Last modified on 15 October 2014, at 11:53

-esse

See also: esse and Esse

DutchEdit

EtymologyEdit

From Middle Dutch -esse, borrowed from Old Northern French -esse, from Late Latin -issa (as in abbātissa (abbess)).[1]

SuffixEdit

-esse

  1. Creates the female form of persons or occupations, as English -ess
    secretaris (secretary, receptionist) – secretaresse (female secretary, female receptionist)

Derived termsEdit

ReferencesEdit

  1. ^ A. van Loey, "Schönfeld's Historische Grammatica van het Nederlands", Zutphen, 8. druk, 1970, ISBN 90-03-21170-1; § 180

FrenchEdit

Etymology 1Edit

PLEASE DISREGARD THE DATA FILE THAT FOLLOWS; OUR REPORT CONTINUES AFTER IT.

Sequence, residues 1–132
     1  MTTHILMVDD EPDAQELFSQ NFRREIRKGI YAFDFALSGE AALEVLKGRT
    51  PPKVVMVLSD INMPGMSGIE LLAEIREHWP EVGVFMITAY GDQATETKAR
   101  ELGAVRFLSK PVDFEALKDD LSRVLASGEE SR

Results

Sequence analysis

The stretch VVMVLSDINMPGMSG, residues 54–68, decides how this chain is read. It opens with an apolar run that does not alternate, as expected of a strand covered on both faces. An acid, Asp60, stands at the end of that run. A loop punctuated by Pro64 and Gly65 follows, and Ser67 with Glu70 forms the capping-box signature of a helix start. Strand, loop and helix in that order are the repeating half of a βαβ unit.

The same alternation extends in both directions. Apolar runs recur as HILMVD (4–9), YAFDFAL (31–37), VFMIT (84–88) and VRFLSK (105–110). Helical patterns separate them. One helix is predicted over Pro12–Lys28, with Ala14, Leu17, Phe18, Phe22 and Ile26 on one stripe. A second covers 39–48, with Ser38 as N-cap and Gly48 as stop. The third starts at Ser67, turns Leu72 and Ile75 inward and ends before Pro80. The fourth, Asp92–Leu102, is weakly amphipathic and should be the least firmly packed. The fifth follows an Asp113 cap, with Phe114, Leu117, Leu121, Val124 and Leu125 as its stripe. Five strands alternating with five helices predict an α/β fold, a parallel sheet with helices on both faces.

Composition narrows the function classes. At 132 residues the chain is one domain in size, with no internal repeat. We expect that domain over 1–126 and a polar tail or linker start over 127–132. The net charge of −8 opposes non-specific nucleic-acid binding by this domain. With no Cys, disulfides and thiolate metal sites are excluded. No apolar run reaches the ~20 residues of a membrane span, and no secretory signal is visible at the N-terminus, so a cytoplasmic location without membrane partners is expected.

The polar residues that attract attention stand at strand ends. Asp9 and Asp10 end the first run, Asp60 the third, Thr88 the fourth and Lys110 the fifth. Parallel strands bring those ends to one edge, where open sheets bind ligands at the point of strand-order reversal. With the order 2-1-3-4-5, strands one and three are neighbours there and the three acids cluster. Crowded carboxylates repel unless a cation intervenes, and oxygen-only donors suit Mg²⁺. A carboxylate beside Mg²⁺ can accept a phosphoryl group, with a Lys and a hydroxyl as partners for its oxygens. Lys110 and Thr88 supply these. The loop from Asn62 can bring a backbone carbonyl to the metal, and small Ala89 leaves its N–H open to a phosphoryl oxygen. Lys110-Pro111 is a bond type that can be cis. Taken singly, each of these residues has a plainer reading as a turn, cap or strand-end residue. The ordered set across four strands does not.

From Latin -itiam, the accusative of -itia.

SuffixEdit

-esse

  1. used to form nouns describing the condition of being something (-ness, -ity, etc.)
Derived termsEdit

Etymology 2Edit

From Late Latin -issa.

SuffixEdit

-esse

  1. -ess (female form)
Derived termsEdit
DescendantsEdit

Derived termsEdit


ItalianEdit

SuffixEdit

-esse

  1. Suffix forming the third-person singular imperfect subjunctive of -ere verbs.

Middle FrenchEdit

SuffixEdit

-esse

  1. -ess (used to form feminine nouns from masculine ones)

Derived termsEdit